Some books have a lot of information in them that may seem hard to those just starting out. When I was looking for the books on this list to check availability, I tried to read a few reviews to see how others felt about them in the 2000s.
I think some negative reviews happen because people do not anticipate the learning curve involved with gaining new skills. You don’t just pick up a Ferro rod and striker and start lighting fires everywhere. The first time you attempt to butcher an animal, it is probably going to take you twice as long as someone that has done it a few times.
A lot of bushcraft and survival books always focus on a rural or forested environment. While some of these skills are versatile and useful for any survival situation, those that are in the city or a tight neighborhood may want to find some books that have a slightly different focus. If you have some urban survival books to suggest, please let us know in the comments. Here are a few guides I found that are supposed to address urban survival needs
Tom Brown’s Field Guide to City and Suburban Survival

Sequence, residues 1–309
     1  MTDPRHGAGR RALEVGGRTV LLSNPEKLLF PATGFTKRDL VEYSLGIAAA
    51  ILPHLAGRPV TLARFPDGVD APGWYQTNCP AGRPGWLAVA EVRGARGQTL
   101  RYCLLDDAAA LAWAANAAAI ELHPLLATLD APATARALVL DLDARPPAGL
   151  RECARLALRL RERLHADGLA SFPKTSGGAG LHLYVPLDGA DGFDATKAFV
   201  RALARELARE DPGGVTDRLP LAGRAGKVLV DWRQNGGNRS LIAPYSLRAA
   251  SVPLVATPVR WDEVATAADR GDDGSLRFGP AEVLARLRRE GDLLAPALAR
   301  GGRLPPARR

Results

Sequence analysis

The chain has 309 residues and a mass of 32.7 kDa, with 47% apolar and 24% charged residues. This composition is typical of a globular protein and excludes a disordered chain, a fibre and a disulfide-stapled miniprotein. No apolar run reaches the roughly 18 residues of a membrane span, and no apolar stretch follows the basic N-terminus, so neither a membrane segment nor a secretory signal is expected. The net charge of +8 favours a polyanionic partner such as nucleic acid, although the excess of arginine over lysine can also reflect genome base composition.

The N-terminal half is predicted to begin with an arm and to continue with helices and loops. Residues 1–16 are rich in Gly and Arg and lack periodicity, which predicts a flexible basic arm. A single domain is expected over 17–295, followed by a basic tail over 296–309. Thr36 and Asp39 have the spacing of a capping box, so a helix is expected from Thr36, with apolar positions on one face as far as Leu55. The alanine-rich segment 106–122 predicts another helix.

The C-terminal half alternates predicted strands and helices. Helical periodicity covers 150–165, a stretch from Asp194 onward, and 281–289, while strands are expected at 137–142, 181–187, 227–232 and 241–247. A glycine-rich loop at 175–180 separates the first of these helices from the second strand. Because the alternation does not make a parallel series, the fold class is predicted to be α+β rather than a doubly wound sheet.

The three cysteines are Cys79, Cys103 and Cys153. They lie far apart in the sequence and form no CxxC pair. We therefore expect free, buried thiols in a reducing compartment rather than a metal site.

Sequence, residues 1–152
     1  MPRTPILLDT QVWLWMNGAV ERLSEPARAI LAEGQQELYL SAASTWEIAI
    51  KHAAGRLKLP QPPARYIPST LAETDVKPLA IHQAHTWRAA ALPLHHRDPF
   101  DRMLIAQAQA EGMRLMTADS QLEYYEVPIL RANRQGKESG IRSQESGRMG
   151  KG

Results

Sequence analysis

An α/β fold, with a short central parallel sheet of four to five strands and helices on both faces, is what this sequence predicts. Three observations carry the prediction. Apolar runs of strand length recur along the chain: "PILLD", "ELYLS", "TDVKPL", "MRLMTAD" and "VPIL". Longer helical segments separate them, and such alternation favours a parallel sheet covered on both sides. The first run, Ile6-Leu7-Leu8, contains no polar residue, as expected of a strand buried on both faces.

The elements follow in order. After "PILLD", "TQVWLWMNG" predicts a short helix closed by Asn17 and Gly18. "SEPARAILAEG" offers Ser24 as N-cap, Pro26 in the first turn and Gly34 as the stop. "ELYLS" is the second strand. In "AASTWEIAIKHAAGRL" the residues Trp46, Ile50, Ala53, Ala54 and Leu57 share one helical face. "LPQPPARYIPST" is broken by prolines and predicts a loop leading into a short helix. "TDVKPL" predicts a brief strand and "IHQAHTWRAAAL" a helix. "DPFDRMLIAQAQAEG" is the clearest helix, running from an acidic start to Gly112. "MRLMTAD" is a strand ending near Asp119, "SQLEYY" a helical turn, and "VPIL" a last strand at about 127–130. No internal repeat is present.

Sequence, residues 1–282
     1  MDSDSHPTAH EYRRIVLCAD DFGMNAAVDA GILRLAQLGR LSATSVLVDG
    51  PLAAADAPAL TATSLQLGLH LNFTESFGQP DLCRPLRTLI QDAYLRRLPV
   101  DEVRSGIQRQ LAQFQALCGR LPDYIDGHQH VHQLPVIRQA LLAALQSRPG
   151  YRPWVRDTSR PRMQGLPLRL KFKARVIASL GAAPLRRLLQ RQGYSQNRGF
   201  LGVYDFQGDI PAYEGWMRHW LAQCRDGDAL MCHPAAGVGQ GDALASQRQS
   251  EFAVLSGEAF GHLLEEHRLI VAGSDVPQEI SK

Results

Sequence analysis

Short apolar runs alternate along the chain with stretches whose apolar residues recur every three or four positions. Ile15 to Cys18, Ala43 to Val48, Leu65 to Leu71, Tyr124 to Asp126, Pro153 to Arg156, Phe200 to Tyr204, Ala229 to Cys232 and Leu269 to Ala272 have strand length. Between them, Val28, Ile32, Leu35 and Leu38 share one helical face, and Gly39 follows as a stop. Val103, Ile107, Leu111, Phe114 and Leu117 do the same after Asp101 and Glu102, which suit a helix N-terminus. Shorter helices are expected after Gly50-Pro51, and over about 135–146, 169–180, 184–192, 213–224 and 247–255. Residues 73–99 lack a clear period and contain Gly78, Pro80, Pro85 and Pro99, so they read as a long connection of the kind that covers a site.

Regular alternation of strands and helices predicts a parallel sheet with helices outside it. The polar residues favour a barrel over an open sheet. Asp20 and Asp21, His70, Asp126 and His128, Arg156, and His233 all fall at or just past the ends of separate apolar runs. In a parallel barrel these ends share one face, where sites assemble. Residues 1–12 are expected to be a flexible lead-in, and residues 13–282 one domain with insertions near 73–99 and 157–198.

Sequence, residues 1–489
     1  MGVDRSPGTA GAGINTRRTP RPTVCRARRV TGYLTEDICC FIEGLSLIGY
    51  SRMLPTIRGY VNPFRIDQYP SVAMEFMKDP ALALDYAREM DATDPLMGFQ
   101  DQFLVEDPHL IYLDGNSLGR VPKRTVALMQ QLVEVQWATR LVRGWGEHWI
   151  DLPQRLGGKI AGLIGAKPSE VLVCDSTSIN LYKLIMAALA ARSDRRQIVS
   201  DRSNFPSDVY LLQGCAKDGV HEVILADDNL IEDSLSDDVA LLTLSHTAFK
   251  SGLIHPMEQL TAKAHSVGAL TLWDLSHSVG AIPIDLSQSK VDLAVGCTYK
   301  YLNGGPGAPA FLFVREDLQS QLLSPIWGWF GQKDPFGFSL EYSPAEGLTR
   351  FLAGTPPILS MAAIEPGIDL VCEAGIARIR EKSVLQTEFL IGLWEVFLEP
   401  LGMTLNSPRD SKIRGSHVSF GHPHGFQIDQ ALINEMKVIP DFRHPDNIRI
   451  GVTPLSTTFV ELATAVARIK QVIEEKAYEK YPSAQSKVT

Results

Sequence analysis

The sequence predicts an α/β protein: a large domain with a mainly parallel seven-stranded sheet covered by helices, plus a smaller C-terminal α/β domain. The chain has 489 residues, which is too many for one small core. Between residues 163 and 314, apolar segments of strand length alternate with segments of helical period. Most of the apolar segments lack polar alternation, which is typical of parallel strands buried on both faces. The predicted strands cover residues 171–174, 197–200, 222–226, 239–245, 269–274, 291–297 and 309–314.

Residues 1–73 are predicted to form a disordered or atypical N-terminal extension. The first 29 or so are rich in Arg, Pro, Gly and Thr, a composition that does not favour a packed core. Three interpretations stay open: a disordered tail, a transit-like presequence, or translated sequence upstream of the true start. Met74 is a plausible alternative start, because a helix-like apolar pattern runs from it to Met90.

SAS Survival Handbook, Third Edition: The Ultimate Guide to Surviving Anywhere
by John Wiseman
Building A Digital Archive
Digital book collections should be backed up to several drives. I like ebooks, but I want access to them even if the grid is down. The cloud is a good place to stash one copy during good times but do yourself a favor and put your books on multiple drives or chips and have several of the correct card readers if you are using SD cards.
The Backdoor Survival Archive Project(Lifeline)
The entire archive of Backdoor Survival will soon be available on a heavy duty USB drive. Now you can have us with you for those hard times without having to print or collate the site yourselves. These drives make a great gift for prepping friends or those that are interested in learning more about developing the skills needed to get through a situation.
Do you have a book that you think should be on this list? I know there are a lot of good books out there that I did not have space to include. Your fellow Backdoor Survival readers can benefit from your contribution.
Samantha Biggers can be reached at firstname.lastname@example.org.